Effects of Functional Movement Skills on Parkour Speed-Run Performance
Strafford, B.W. et al.
Eur J Sport Sci
Tipo de publicación
Artículo de revista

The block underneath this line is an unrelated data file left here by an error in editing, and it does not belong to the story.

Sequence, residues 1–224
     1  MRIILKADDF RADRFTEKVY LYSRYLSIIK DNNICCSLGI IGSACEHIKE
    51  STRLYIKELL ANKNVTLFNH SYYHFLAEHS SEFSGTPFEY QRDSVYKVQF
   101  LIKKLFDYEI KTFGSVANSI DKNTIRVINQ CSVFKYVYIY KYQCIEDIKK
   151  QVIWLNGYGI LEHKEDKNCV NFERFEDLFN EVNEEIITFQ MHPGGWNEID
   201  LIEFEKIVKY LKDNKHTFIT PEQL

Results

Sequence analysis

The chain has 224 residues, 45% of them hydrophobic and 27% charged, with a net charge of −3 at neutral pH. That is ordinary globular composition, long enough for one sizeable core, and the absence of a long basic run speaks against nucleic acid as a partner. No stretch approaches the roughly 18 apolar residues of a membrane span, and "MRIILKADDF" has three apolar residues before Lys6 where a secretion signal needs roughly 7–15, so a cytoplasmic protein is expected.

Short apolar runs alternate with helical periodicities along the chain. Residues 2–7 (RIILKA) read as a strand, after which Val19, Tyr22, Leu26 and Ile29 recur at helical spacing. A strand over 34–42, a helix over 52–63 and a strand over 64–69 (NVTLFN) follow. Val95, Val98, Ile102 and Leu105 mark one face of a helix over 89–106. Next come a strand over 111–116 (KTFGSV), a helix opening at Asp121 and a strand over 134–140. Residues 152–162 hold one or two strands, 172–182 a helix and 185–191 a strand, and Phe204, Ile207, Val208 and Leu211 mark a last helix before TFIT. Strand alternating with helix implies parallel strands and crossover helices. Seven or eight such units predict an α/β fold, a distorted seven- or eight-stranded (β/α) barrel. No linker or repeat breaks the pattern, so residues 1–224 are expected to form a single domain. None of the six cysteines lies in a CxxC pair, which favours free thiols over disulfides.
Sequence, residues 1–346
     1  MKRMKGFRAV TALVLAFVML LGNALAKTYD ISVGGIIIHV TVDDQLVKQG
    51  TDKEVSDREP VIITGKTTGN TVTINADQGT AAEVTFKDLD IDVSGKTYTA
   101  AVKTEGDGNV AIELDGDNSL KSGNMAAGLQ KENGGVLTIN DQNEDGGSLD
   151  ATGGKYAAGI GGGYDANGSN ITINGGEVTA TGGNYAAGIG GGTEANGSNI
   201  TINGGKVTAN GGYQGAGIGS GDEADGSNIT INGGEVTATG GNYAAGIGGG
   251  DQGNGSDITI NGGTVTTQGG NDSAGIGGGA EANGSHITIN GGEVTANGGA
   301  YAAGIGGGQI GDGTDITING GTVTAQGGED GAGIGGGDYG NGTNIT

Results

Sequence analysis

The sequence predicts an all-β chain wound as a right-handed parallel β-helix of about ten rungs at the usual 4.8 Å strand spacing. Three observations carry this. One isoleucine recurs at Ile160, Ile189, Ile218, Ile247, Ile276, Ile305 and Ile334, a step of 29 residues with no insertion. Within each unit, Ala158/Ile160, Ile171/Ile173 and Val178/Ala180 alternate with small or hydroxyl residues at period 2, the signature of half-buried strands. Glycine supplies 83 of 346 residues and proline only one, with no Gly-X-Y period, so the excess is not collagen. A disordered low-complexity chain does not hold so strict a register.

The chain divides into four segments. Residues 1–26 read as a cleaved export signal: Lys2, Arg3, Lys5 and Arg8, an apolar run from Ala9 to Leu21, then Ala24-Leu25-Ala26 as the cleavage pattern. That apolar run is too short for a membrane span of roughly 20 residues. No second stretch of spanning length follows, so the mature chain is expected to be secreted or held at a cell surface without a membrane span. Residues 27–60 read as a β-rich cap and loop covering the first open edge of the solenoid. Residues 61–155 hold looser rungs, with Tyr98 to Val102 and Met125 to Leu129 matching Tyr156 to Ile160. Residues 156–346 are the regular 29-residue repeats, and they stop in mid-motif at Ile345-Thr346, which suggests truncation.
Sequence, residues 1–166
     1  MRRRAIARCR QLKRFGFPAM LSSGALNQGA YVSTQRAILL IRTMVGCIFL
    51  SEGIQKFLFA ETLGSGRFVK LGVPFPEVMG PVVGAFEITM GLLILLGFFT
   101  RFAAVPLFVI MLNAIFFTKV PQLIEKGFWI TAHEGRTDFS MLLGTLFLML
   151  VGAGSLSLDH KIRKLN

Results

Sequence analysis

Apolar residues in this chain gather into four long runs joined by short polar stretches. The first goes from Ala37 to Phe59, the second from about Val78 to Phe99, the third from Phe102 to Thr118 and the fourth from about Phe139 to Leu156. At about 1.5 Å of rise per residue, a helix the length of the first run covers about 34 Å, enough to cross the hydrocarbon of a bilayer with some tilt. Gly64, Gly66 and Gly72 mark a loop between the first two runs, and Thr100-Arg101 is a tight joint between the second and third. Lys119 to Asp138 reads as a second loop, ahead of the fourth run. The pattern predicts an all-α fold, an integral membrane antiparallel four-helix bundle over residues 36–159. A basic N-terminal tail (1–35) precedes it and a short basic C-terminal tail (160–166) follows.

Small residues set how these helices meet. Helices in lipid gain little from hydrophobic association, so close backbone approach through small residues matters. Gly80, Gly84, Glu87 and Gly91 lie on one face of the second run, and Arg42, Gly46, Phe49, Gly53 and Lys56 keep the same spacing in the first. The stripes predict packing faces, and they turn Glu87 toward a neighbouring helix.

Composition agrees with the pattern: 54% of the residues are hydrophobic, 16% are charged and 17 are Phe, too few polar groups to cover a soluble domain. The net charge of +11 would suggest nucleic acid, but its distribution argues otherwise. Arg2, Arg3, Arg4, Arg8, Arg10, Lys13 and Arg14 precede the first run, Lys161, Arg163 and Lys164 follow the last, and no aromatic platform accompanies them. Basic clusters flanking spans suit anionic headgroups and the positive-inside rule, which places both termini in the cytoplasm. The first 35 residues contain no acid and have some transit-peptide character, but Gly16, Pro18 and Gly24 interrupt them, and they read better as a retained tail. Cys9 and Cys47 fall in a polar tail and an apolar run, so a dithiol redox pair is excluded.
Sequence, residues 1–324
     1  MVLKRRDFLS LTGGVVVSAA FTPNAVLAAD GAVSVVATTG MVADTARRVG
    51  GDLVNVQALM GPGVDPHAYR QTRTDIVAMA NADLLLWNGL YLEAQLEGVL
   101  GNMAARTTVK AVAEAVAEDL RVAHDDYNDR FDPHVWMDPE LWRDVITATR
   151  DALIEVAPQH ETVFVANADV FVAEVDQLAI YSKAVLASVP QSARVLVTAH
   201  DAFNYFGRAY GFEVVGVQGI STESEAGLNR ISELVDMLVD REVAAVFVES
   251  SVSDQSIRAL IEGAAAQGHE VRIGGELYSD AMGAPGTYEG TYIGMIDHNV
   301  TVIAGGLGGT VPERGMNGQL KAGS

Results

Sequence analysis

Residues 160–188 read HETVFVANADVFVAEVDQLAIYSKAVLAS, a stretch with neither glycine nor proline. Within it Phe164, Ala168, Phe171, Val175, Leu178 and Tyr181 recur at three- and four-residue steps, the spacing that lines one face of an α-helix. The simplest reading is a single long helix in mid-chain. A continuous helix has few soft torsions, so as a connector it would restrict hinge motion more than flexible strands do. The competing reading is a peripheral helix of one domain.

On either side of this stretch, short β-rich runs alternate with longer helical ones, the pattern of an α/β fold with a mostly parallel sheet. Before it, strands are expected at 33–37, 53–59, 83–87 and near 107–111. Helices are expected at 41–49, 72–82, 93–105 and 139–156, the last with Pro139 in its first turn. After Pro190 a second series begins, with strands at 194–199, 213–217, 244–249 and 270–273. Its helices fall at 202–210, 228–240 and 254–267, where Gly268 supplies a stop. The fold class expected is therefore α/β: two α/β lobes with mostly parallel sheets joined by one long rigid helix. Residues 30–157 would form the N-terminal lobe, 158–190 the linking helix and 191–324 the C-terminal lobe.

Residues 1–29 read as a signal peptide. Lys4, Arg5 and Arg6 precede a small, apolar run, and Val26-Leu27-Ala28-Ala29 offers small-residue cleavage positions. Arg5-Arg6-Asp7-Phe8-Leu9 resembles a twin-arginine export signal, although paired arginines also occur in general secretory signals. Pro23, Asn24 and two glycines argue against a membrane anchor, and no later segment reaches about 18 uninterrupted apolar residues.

Parkour speed-runs require performers (known as Traceurs) to negotiate obstacles with divergent properties such as angles, inclinations, sizes, surfaces, and textures in the quickest way possible. The quicker the run, the higher the performer is ranked. Performance in Parkour speed-runs may be regulated through Parkour Traceurs' basic movement skill capacities given the physical requirements of the event. This study examined what functional movement skills correlate with Parkour speed-run performance. Nineteen male Parkour Traceurs undertook a physical testing battery inclusive of: agility T-test, maximal grip strength test, and maximal vertical and horizontal jumps across several jump modalities. For the speed-run, Parkour Traceurs navigated an indoor Parkour installation. Pearson's correlation analyses (r) revealed that agility T-test performance showed a significant negative correlation with Parkour speed-run performance, whereas standing long jump and counter movement jump (with and without arm swing) were significantly positively correlated with Parkour speed-run performance. Concurrent with the intrinsically-linked building blocks in the Athletic Skills Model, the data from the present study suggest that performance in Parkour-speed-runs are underpinned by functional movement skills (jumping, running; arm swinging) and conditions of movement (agility), all of which encapsulate elements of basic motor properties (speed; strength). From a practical perspective, the agility T-test, standing long jump, and counter movement jump without and without arm swing can form a basic battery to evaluate the physical effects of Parkour speed-run interventions on functional movement skills.